Tax Analysts

Click here to see operators for terms and connectors searching.

Puerto Rico Governor Says No CFC Tax Increase in Tax Reform Bill

POSTED ON Oct. 11, 2018
Print

Puerto Rico’s governor has rejected a proposal by the Senate president to include a tax increase on the income of controlled foreign corporations in a tax reform package before the legislature.

According to an October 9 article in El Nuevo Día, Senate President Thomas Rivera Schatz said the pending tax reform legislation should take into consideration “all alternatives” that might result in more revenue for the heavily indebted island, including higher taxes for multinational companies with operations in Puerto Rico. When asked whether the possible reforms include converting the Act 154 excise tax paid by mainland companies on their purchases from subsidiaries on the island to an income tax, Rivera Schatz replied, “That is one [possibility].” 

Later that day, Gov. Ricardo Rosselló Nevares told reporters that Rivera Schatz’s proposal to revise the tax treatment of CFCs should be left out of the tax reform legislation, which was first proposed in April. “This isn’t included in the tax reform,” the governor was quoted as saying in the October 10 edition of El Vocero. "The tax reform [package] has a series of primary pillars, including reducing VAT on prepared foods to 7 percent, reducing tax rates for individuals and corporations, eliminating the business-to-business tax, and adding an [earned income tax credit],” he added.

Under tax agreements with the island’s government, nearly all the income earned by the Puerto Rican subsidiaries of mainland companies is exempt from income tax. To generate revenue, Puerto Rico imposes a 4 percent excise tax under Act 154 on purchases by multinational companies from their local affiliates. In 2011 the IRS said it would not challenge any taxpayer’s position that Act 154 excise tax is a tax in lieu of an income taxunder IRC section 903 and can be taken as a foreign tax credit against a company’s federal tax liability. The IRS also said that if it ever determines that the excise tax is not eligible for FTC treatment, the decision will not be retroactive.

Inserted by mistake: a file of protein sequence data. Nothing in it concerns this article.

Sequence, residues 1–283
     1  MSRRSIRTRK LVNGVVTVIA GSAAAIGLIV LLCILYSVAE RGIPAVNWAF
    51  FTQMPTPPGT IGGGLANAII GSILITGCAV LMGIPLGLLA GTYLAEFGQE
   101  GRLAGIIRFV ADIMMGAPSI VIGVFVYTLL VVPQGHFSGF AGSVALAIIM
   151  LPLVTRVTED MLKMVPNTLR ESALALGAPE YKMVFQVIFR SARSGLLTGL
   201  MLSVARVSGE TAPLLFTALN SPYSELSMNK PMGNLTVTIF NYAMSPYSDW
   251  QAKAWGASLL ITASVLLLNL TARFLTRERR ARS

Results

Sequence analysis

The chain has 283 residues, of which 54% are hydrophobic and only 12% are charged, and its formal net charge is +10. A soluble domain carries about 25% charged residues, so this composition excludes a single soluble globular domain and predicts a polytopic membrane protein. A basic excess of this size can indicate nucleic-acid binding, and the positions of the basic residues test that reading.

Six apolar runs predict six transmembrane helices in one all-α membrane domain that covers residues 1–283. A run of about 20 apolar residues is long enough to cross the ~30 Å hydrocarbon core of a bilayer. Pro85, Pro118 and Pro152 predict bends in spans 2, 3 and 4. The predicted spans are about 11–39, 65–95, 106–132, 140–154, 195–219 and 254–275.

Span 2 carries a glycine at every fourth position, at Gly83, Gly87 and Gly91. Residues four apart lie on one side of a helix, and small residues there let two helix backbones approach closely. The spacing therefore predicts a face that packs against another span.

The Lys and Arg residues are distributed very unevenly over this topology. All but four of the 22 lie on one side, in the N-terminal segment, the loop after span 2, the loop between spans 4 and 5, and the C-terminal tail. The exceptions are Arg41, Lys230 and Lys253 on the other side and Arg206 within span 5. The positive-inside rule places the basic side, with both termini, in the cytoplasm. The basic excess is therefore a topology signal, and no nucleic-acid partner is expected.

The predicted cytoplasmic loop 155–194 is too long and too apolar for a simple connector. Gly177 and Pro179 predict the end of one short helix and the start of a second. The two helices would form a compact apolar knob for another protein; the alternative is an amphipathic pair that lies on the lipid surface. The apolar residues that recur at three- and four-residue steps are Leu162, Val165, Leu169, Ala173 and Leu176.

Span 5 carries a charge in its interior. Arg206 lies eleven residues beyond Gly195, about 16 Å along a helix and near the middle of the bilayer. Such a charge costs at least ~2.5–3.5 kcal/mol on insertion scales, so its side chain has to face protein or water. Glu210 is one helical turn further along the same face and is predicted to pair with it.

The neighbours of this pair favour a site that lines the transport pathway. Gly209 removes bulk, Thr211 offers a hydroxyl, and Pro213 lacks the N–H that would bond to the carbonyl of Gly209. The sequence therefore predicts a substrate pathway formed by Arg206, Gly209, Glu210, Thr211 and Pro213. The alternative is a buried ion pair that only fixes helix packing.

There has been growing pressure to increase the amount of tax paid by mainland companies to help pay down Puerto Rico’s public sector debt load of $74 billion and to replenish government revenues depleted during a decade-long recession. And uncertainty about whether mainland companies will be able to continue taking the full FTC in the wake of the federal Tax Cuts and Jobs Act (P.L. 115-97) has led some legislators to promote replacing the excise tax with a tax on CFC income that would be fully creditable. One of the TCJA’s key provisions requires companies to pay tax on the global intangible low-taxed income of their CFCs at an effective rate of 10.5 percent (increasing to 13.125 percent after 2025). While foreign taxes on the non-GILTI income of a CFC can be taken in their entirety as FTCs, only 80 percent of foreign taxes paid on GILTI income are creditable under the TCJA. 

Rosselló Nevares's chief of staff, Raul Maldonado, was quoted in the El Nuevo Día article as saying the government has been lobbying the U.S. Treasury Department to allow full creditability of GILTI income. 

Jeffrey Farrow, co-chair of the President's Interagency Group on Puerto Rico during the Clinton administration, said the likelihood of Treasury taking such a step now is low. “Many experts say the credit is unconstitutional,” Farrow said. “The IRS said the credit was intended to be temporary, and Treasury Secretary [Steven] Mnuchin mentioned that temporary aspect when he was in Puerto Rico in July. For a lot of reasons I’m very skeptical, in light of all we know about the issue, that Treasury would say the [Act] 154 tax is creditable against all federal income tax liability, as opposed to its original and as-yet-unchanged position that it still hasn’t made a decision but will not challenge any companies claiming the credit.”